Canada Day celebrations on Parliament Hill are spectacular—the only place to be on July 1 if you’re Canadian, or even if you’re not. Free concerts, short speeches by politicians, the Snowbirds, the Musical Ride, maple leaf “tattoos,” face painting, fabulous fireworks, and everyone in a patriotic mood.

Friday, January 22, 2010

Bear watching on Vancouver Island



This amazing picture was taken from Hidden Cove Lodge near Port McNeill on Vancouver island.
The northern part of Vancouver island is one of the many hidden gems of British Columbia. It is one of the best places to see whales, sea otters and both grizzly and black bears.

Wednesday, January 20, 2010

Newfoundland - good news

Air Canada have resumed direct flights from Heathrow to St. John's in Newfoundland - the closest bit of Canada to England. This is splendid as it now only takes a few hours to get to this wonderful province.


The Artisan Inn has operated since 1997 and, by Canada Select, is Trinity’s highest rated inn. In addition to the main building of the Artisan Inn there is a fishing “store” at the shoreline. Originally used to store and maintain nets and gear, it is now home to the Twine Loft dining room, recommended in Where to Eat in Canada. We also offer Vacation Homes and operate the Campbell House B&B.



The Inn provide full breakfasts, soup and a sandwich lunches and, in the evening, affordable fine dining. Our evening menus are table d'hote using local produce and products and employing eco-friendly practices.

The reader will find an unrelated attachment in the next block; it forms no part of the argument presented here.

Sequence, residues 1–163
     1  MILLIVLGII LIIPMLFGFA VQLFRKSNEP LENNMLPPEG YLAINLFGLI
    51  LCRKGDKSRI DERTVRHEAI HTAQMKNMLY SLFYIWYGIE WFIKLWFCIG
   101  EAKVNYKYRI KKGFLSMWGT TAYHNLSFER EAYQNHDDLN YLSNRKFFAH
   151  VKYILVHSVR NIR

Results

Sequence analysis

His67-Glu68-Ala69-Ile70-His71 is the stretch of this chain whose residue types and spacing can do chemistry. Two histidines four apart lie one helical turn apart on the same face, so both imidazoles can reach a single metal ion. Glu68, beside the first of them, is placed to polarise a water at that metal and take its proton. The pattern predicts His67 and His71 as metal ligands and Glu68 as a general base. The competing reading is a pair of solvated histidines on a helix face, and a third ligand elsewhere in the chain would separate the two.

There is an in-house sommelier and careful attention is given to our wine list and to food and wine pairing.

Twine Loft dining is open to the general public and we encourage visitors to Trinity to drop by, visit us and view the menus. The Twine Loft is also a venue for artisan workshops and artistic presentations.

The accommodations are in several buildings, each with only a few bedrooms within minutes walking distance of Trinity’s major attractions. Trinity itself is centrally located on the Bonavista Peninsula and within an hour’s drive of other popular area attractions. Trinity is about a 3 hour drive from St. John’s.

Wednesday, January 06, 2010

Historical Trains in Saint Constant, near Montreal Quebec


Exporail - Canadian Railway Museum - Saint-Constant, Qu├ębec

Exporail's new exhibit pavilion showcases 44 historic pieces of rolling stock in a spectacular climate-controlled 90,000-square-foot building. With a total of over 160 streetcars, interurban railway cars and locomotives, Exporail is recognized as one of the world's most important railway museums – and is, bar none, the largest such collection in Canada.

MTC streetcar 1959 runs every day from 10 AM to 4 pm.

The "John Molson" locomotive, a replica of an 1849 steam engine locomotive, is used for demonstrations on occasion throughout the summer. Check our schedule for details.

Barrington Station, an example of a rural flag stop station from southwestern Quebec, brings visitors back to the nineteenth century.

Other vehicles from the collection are on view in the railway yard; Visitors will frequently see railway cars and locomotives in motion. You will feel the sensation of being in a real operating rail yard.